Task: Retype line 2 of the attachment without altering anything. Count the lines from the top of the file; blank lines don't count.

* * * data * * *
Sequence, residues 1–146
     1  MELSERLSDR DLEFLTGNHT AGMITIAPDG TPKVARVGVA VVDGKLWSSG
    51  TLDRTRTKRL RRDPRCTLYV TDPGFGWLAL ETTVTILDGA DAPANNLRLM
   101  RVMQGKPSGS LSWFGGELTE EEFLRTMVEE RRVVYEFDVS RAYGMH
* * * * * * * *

     1  MELSERLSDR DLEFLTGNHT AGMITIAPDG TPKVARVGVA VVDGKLWSSG